first_img All the cool new gadgets at CES 2019 Angela Lang/CNET Smart mirrors are popping up everywhere at CES 2019 and Capstone Connected Home is jumping in the game with a Google Assistant-enabled model. The touchscreen mirror allows you to download apps from the Google Play store, stream YouTube and ask Google Assistant anything you would in a standard smart speaker. You can also compose emails and messages by typing directly on the mirror. Voice control in the mirror can recognize six different voices and log users in and out of Google accounts. The company says this method still keeps user data private. The mirror does require the Capstone Connected Control Hub. The hub is also a touchscreen device, like a tablet, that acts as the command center for the mirror. You can hang the Capstone Smart Mirror or stand it up on a counter. The mirror will be available in multiple sizes, beginning with a 19-inch by 22-inch model in early 2019. Pricing information is not yet available.  Google Assistant CES Products Google CES 2019 0 Share your voice Post a comment Tags 85 Photos CES 2019: See all of CNET’s coverage of the year’s biggest tech show. CES schedule: It’s six days of jam-packed events. Here’s what to expect. Smart Homelast_img read more

first_imggasResidents of certain parts of the capital had a rather difficult morning as there was no gas supply, preventing them from even cooking breakfast at home.Residents of Rampura, Banasree, Mahanagar Project, Khilgaon and its adjacent areas on Monday said gas supply in the areas were cut without any prior notice.Titas emergency control room said a six inch gas supply pipe was damaged in east Rampura during repair work on Sunday.The gas supply in the affected areas will be restored by Monday afternoon, according to the Titas emergency control room.last_img read more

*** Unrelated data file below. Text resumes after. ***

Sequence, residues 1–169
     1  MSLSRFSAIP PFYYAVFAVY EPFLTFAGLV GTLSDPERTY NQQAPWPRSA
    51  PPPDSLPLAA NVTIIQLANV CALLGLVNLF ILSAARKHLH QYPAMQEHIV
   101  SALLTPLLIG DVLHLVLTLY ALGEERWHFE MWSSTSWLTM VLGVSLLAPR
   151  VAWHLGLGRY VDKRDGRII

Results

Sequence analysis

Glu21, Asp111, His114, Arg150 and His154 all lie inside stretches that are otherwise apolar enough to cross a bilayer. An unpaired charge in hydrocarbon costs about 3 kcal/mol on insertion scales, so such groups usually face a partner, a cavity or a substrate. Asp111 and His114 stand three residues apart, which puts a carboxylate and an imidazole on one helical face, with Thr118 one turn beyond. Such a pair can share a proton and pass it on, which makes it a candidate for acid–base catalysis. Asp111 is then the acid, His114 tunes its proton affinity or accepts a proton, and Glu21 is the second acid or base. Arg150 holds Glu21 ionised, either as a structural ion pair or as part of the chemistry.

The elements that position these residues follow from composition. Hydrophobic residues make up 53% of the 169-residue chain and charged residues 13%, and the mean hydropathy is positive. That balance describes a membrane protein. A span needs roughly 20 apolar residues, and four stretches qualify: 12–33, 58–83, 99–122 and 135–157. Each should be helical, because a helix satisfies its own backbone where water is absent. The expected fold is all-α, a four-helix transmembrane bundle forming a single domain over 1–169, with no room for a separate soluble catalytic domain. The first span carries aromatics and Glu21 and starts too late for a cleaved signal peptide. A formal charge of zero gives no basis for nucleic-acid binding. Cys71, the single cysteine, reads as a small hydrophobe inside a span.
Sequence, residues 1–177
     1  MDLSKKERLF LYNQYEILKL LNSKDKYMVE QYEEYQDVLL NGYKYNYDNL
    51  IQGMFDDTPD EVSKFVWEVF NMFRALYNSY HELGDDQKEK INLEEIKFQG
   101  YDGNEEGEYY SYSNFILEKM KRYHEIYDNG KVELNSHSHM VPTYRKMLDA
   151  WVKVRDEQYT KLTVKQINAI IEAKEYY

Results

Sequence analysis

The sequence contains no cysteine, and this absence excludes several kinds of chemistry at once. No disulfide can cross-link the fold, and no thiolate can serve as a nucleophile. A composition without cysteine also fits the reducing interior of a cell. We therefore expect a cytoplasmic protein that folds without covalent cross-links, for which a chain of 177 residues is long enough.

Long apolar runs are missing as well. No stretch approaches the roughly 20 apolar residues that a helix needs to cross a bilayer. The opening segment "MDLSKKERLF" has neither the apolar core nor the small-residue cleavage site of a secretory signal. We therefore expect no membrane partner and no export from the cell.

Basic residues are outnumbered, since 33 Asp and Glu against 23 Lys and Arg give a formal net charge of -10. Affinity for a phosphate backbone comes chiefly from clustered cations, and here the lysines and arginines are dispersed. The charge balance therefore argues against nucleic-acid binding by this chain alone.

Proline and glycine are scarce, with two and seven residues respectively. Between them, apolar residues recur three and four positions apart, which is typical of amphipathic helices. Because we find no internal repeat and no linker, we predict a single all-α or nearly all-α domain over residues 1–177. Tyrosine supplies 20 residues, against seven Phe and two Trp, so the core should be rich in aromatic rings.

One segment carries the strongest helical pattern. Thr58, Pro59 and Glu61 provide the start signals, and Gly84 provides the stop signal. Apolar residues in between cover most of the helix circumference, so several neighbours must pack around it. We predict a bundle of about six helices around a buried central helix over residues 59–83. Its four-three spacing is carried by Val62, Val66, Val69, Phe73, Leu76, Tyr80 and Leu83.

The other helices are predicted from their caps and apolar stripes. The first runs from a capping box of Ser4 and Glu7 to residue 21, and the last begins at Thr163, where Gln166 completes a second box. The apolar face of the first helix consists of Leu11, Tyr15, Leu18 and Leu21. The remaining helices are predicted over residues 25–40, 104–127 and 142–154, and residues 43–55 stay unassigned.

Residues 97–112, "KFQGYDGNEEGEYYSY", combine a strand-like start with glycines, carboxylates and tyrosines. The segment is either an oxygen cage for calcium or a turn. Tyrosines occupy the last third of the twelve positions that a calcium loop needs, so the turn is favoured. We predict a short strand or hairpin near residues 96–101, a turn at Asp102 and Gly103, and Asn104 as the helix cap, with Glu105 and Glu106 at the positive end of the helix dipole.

first_imgIt’s only in a work of art can you expect life being breathed into the dying. Shovan Gandhi, a Delhi based photographer, in his work Alang has done just the same.  Being a part of the bigger picture – Pix – a photo quarterly, Gandhi has portrayed Habitat through this endeavor along with fifteen other artists. Alang is a journey of ships, starting from the day they are born to the waves they crash and land to their graveyard and even beyond. It tries to encapsulate the experiences the ships go through throughout their life and finally end up in this ship breaking centre in Gujarat. He compares, not the life of a ship to that of a man, but vice-versa. One cannot ignore the idea glaring through his pictures that each man-made thing has to come to an end. Once worn out, nothing can keep the drums rolling, or here, the ships sailing. Though ‘philosophical’, it asks the question of death and birth; of waste from value and conversely.  Also Read – ‘Playing Jojo was emotionally exhausting’Alang also portrays the journey, its end and a new beginning. The lines by T. S. Eliot, ‘What we call the beginning is often the end. And to make an end is to make a beginning. The end is where we start from,’ fits Alang beautifully. It shows not only how the once mighty ships sailing the economies of the world come to rest in peace, but also how their end marks a new beginning for scrap collectors. For truly, there never is an end.  The project has attracted various view points from various fields of ecology, architecture and finance. Not being faced with a criticism yet, Shovan has tried to highlight the prevailing socio-cultural ecosystem in which, according to him, ‘unimportant men can aggregate and die so that dead ships live.’ Drawing influence from architecture and fine art, Gandhi wishes there would be more platforms in the country for display of photographs and art. He expects to present a new project in the following year.WHERE: Goethe-Institute, Maxmuller Bhawan, New DelhiWHEN: When: 9 to 16 May, 7:00 pm to 9:30 pmlast_img read more